I will have a few pieces published soon on the genocide.  And I’ll post them on this blog.  In the meantime, a great resource to read up on it all is at http://www.armenian-genocide.org/online_exhibits.html

Mulling over the Question: “Who is my Neighbor?”

In my latest Federalist article I reflect on how I watched a manhunt break out during a morning walk.  It led me to consider things both practical and spiritual:  “It was a Beautiful Day in the Neighborhood — For a Manhunt

FYI, the clip above gives a bit of “ambiance,” though that segment was not filmed on my street.  The action shifted all morning.  But I didn’t even know they were entering houses until I found this clip!  It’s interesting that this was put up by Russia Today news.  (This makes me chuckle a little because it reminds me a bit about the way Soviets liked to do propaganda, and how they would have loved to zero in on something like this to show “very bad Amerika.”)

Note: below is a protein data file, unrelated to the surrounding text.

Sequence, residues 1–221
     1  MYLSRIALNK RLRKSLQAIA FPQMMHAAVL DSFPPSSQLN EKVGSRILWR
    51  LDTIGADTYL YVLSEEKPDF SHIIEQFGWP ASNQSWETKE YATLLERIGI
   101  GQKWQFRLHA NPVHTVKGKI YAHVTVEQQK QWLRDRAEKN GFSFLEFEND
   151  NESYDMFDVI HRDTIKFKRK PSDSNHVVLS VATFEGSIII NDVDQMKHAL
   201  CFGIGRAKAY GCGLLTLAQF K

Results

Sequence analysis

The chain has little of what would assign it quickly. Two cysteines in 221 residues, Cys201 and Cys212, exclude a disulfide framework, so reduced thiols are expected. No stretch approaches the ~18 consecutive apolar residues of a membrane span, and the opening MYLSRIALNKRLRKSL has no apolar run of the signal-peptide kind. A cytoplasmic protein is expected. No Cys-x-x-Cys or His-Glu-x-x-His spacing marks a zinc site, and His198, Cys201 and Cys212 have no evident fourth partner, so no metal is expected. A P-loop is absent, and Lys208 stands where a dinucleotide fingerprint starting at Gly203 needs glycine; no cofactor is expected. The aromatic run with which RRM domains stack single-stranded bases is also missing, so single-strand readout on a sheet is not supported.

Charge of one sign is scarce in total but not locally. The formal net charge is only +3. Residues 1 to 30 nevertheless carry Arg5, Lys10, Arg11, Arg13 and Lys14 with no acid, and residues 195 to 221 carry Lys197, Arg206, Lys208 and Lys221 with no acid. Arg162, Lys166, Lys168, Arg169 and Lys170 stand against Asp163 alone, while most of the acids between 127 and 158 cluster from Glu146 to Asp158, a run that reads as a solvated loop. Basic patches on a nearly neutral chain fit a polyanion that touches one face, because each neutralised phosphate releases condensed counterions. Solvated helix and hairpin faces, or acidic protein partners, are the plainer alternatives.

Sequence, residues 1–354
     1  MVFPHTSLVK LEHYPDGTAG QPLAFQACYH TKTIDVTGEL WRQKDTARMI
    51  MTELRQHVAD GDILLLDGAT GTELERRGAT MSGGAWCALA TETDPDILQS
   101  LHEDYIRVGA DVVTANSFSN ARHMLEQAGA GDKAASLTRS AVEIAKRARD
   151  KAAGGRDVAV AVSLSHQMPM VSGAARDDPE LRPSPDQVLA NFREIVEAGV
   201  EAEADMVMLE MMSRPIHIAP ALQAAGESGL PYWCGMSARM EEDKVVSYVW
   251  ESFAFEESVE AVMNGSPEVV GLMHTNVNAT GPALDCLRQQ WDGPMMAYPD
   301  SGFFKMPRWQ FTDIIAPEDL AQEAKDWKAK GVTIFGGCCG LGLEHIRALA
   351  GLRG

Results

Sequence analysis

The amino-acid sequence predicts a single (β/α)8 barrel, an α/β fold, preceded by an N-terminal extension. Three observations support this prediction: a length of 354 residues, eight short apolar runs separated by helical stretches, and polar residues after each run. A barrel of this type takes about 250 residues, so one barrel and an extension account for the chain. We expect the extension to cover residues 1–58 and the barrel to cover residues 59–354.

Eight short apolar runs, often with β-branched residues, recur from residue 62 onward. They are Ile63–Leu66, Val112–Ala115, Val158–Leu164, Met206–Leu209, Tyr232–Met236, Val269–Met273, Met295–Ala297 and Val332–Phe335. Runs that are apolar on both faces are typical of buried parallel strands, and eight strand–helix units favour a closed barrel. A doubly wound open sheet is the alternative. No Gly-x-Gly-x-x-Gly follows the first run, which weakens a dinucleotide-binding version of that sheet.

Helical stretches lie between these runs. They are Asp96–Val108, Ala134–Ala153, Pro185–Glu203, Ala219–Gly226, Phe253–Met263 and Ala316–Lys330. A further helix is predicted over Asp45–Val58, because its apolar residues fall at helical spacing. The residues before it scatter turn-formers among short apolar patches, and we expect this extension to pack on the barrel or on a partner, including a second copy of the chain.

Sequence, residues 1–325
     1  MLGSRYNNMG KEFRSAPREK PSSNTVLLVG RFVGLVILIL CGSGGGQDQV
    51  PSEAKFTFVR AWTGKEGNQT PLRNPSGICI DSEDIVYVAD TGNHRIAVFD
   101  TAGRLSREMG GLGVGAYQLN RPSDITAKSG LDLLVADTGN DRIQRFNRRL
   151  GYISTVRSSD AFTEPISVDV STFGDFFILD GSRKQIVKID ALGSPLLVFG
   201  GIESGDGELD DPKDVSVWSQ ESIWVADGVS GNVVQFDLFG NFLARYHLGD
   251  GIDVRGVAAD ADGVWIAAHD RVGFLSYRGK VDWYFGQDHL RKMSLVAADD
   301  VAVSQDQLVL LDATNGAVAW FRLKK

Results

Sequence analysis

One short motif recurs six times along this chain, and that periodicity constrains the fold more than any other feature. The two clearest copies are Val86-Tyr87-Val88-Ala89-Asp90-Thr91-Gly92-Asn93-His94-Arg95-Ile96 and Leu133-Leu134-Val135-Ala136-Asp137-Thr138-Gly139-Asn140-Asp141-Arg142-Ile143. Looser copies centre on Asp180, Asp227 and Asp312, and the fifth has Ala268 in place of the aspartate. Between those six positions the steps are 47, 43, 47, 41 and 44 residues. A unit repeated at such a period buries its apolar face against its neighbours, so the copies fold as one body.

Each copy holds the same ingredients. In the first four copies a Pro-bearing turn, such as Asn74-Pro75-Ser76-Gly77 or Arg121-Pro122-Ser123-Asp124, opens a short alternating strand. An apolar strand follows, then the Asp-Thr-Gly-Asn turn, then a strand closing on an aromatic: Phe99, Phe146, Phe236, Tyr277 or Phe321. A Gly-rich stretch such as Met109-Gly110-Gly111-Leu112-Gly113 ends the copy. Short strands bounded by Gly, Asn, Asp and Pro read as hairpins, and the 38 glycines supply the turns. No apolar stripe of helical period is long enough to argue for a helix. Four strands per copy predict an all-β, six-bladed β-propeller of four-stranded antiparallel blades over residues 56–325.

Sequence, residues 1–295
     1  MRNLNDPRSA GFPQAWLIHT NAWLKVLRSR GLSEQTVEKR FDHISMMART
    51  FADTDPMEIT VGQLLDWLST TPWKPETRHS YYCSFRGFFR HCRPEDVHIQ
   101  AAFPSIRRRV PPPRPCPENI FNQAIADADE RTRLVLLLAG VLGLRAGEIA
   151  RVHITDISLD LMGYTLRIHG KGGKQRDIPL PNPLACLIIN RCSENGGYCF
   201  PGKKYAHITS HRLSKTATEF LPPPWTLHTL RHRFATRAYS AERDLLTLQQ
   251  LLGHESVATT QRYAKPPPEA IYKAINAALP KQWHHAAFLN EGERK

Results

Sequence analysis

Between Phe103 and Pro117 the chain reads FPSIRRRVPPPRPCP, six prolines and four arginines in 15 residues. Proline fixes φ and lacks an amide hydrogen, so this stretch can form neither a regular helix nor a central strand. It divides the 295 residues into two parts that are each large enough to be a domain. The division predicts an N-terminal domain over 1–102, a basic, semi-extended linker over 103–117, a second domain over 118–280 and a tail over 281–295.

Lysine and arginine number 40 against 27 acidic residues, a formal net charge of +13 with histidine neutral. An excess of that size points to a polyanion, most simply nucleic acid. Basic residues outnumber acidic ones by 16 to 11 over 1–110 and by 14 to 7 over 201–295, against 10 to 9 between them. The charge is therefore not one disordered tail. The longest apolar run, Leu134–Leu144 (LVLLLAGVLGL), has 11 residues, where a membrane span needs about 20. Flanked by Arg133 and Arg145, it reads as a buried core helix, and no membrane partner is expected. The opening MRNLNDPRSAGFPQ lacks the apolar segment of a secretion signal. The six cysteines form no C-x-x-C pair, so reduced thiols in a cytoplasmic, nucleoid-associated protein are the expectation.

It was a wild morning for me.  In the aftermath I considered two questions, one practical and one spiritual.  The practical side had me thinking about personal security (as in firearms.)  The spiritual side had me reflecting on the question put to Christ just before his parable of the Good Samaritan: “Who is my neighbor?” And how do people get to be the way they are?

 

This Past Week Shows that PC is Morphing into TC

Detail of “The Natchez” by Eugene Delacroix (1835.) Natchez father and mother with newborn (uploaded from Wikimedia Commons.)

Several events last week show just how fast certain cultural forces are working to separate us from one another, always, of course, in the name of “equality.” Fashion designers Domenico Dolce and Stefano Gabbana spoke about how important it is for children to have both a mother and a father, and also criticized the use of artificial reproductive technologies in order to deliberately deprive a child of a mother or a father. Rock star Elton John who with his same sex partner has two such children, immediately called for a boycott of Dolce and Gabbana.